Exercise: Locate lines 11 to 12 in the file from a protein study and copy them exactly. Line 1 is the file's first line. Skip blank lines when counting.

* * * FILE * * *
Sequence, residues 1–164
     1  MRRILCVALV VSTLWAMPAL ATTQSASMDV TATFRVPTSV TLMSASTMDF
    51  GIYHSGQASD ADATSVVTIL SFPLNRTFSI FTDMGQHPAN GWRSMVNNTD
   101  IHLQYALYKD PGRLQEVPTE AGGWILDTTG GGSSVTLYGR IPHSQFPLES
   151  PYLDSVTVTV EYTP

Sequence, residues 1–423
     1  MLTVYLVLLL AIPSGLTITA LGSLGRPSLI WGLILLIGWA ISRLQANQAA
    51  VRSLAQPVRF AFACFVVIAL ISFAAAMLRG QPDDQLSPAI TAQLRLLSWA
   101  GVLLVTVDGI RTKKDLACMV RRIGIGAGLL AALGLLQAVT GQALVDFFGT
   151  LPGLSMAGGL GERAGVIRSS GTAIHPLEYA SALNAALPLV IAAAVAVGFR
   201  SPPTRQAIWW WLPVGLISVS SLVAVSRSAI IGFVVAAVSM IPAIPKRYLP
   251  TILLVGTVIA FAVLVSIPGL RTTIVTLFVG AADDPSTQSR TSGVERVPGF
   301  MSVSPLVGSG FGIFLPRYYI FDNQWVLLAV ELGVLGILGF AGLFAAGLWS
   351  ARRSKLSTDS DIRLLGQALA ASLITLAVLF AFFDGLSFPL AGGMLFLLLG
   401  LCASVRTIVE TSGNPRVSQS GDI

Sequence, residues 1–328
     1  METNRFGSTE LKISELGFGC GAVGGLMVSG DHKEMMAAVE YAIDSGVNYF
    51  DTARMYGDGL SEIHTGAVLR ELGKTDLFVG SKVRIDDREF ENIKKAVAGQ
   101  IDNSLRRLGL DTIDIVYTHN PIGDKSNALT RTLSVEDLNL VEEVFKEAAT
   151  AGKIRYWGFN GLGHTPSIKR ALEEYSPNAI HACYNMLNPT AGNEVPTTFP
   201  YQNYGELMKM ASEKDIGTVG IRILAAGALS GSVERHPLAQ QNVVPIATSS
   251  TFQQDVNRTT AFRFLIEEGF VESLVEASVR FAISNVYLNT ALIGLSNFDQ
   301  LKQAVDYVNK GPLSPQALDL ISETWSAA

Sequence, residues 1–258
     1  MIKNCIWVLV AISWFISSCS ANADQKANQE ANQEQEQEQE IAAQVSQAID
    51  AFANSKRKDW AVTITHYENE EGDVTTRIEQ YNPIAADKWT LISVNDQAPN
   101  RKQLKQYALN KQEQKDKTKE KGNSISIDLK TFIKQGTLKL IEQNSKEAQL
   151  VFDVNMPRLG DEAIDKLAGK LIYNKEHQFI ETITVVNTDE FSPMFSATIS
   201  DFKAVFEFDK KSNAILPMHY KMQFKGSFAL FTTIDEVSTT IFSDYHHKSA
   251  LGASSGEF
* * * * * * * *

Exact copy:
   201  SPPTRQAIWW WLPVGLISVS SLVAVSRSAI IGFVVAAVSM IPAIPKRYLP
   251  TILLVGTVIA FAVLVSIPGL RTTIVTLFVG AADDPSTQSR TSGVERVPGF